Eastern Rite churches are communities of eastern Christians in union with the Roman Catholic church. Also known as Uniate churches, they retain their own distinctive spiritual, liturgical, and canonical traditions. In addition to differences from the Roman (Western) rite in liturgy, many of the Eastern Rite churches permit a married clergy.
Between 10 and 11 million Catholics are members of these churches. Like the Orthodox Church, they are divided into families; the five major families are the Alexandrian, Antiochene, Armenian, Chaldean, and Byzantine. They often originated among Orthodox and other eastern Christian communities under the political influence of a Roman Catholic sovereign. The largest Eastern Rite church - the Ukrainian Catholic church - was formed when Ukrainian subjects of the king of Poland were united with Rome in 1596. Another large group - the Maronites of Lebanon - established ties with the papacy when their country was occupied by Western Crusaders in the 12th century. The Romanian Eastern Rite church was created under Habsburg rule in 1700.
The Ukrainian Catholic church, with an estimated 4 to 5 million members, is concentrated in the western Ukraine, especially in the areas of Lvov and Ivano - Frankovsk, which were under Austrian and Polish jurisdiction until World War II. After the war, when the region became part of the USSR, the church was outlawed and driven underground by the Soviet government. It was allowed to resume open activity in the freer atmosphere of the late 1980s.
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D Attwater, The Christian Churches of the East (1961); B Proko, Ukrainian Catholics in America (1982).
The Eastern Rite Churches are Eastern Christian churches consisting of five rites derived from ancient traditions of Christian churches in the East. They are now in communion with the Western church under the papacy. Distinct from both the Orthodox churches and the so-called Independent churches of the East, neither of which recognize papal primacy, the Eastern Rite churches are also sometimes known as Eastern Catholic, or Uniate, churches. Today more than 10 million Eastern Catholics are in the various rites.
The five rites are the Byzantine, Alexandrian, Antiochene, Chaldean, and Armenian. Within these rites are further subdivisions according to national or ethnic origins. The largest single group of Eastern Catholics is the Ukrainian church (Byzantine rite); it has about 7 million members, with approximately 70 percent in Ukraine. In the United States there are about 250,000 Ukrainian Catholics.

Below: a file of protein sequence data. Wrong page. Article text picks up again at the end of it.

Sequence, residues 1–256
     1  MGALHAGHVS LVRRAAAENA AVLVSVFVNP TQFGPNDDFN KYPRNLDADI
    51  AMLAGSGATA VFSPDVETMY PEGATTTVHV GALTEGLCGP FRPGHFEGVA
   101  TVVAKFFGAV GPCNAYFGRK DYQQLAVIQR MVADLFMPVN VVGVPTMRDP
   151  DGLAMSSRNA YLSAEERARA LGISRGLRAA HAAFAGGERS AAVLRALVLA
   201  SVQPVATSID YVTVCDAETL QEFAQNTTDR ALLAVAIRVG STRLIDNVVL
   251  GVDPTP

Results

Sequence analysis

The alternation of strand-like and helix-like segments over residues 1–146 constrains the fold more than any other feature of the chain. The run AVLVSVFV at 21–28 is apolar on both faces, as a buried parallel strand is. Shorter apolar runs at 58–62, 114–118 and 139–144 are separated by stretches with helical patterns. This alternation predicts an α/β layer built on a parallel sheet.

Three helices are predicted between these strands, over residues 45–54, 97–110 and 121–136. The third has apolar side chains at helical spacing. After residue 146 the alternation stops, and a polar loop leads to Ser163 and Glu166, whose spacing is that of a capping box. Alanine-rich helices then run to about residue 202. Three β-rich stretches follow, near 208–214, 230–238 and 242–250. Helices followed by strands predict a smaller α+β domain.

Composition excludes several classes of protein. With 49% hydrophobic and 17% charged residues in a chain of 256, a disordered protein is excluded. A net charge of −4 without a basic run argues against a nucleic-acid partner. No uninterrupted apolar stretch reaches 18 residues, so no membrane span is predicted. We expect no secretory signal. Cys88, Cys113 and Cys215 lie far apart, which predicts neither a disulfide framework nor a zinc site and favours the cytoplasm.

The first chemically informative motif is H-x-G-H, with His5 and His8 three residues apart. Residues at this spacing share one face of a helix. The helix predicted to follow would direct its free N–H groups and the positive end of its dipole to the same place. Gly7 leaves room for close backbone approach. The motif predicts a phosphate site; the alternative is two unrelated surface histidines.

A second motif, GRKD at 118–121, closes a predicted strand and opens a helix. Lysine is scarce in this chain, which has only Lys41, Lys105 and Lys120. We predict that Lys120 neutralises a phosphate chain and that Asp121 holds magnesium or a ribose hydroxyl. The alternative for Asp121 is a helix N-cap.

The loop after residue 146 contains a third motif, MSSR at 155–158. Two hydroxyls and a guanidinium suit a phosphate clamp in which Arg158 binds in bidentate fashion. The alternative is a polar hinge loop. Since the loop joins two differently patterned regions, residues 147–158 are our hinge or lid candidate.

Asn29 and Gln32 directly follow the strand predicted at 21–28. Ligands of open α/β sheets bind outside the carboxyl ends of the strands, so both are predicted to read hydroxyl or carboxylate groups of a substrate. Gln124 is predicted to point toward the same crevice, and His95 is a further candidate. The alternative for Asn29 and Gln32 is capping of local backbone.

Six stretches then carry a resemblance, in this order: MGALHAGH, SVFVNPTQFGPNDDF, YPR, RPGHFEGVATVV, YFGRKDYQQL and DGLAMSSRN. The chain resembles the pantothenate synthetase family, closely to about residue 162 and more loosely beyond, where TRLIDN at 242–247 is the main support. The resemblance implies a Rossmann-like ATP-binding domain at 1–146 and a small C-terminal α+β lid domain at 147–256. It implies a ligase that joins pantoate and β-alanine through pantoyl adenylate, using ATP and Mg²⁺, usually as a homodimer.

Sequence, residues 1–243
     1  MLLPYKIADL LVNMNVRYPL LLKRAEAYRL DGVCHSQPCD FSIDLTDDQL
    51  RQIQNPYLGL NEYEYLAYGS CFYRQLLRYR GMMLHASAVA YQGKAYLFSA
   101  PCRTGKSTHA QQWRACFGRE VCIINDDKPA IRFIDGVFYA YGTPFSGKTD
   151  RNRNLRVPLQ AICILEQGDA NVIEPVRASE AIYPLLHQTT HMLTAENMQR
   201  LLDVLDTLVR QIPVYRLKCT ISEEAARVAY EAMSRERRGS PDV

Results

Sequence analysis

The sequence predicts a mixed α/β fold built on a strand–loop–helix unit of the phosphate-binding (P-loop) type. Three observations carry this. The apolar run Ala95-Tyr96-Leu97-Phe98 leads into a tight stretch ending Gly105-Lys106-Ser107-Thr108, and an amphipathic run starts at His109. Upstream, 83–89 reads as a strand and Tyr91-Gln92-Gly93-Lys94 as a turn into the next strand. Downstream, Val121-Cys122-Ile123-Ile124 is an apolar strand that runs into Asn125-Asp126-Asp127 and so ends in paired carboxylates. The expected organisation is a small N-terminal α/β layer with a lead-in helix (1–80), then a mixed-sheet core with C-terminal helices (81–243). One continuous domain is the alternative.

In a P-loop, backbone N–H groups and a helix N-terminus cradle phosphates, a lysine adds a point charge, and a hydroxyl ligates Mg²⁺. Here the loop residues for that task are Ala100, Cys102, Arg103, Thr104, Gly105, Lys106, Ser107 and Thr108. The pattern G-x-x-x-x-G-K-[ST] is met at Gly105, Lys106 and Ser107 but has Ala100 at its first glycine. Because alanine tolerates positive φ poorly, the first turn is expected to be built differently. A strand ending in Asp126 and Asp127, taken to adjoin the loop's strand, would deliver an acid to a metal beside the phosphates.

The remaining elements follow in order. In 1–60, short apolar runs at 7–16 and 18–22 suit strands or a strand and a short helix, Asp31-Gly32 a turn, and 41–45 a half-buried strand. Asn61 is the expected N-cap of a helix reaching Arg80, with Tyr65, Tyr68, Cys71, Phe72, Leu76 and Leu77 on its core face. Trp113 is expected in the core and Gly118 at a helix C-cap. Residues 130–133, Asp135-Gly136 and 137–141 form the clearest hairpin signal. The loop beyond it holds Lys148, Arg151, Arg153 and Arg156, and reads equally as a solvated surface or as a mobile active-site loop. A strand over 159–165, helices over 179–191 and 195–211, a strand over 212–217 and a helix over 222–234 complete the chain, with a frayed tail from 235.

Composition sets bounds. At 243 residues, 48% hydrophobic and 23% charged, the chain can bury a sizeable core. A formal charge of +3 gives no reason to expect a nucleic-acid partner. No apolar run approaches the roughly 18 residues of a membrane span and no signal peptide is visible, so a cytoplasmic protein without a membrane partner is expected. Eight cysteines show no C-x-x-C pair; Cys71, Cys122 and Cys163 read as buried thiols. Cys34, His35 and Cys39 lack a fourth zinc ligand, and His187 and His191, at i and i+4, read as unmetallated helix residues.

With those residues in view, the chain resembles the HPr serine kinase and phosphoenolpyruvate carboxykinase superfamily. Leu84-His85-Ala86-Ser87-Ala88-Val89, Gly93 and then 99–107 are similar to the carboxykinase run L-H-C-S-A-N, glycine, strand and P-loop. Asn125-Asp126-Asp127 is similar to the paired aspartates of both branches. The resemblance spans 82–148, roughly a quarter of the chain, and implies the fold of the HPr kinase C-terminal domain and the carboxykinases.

A rite signifies more than a liturgy; it denotes distinctive traditions across a broad front. Noteworthy among these for Eastern Catholics, in contrast with those of the Roman rite, is a married clergy. Distinctive sacramental practices are also found, such as the immediate admission of baptized infants to confirmation and the Eucharist. Rather than Latin, the liturgical languages of the Eastern Rite churches are either those spoken by the original missionary founders or the present-day vernacular. The Second Vatican Council, in its Decree on the Catholic Eastern Churches, confirmed the pledge to preserve the Eastern rites intact. Such a reassurance was welcome because of the repeated criticism by these churches that their traditions were gradually being eroded by their communion with Rome.
The effecting of this communion was a long process. After the Great Schism of 1054 between Eastern and Western Christians, some groups, such as the Maronites and Armenians, were united to Rome in the following century. The real history of the development of the Eastern rite churches, however, began in the 16th century. In 1596, by the Brest-Litovsk Union, two Ukrainian Orthodox bishops acknowledged the primacy of the pope. Other groups followed, such as the Chaldeans (1681) and other churches of the Byzantine rite (the Ruthenians in 1592, the Romanians in 1698, and the Melkites in 1724). The last were the Malankarese (Antiochene rite) of India in 1930. As these various groups of Eastern Catholics grew, Rome established ecclesiastical hierarchies for them.
The Eastern churches have their own canon law and are not bound by the Code of Canon Law of the Western church. Each church is governed by a patriarch (the patriarchs of Alexandria, Babylon, and Cilicia, and three patriarchs of Antioch). A patriarch with his synod has the highest authority within his jurisdiction and is even able to appoint bishops and create dioceses. Nonetheless, the Sacred Congregation for the Oriental Churches, whose membership includes the Eastern Rite patriarchs, has general competence over the Eastern rites.
John W. O'Malley
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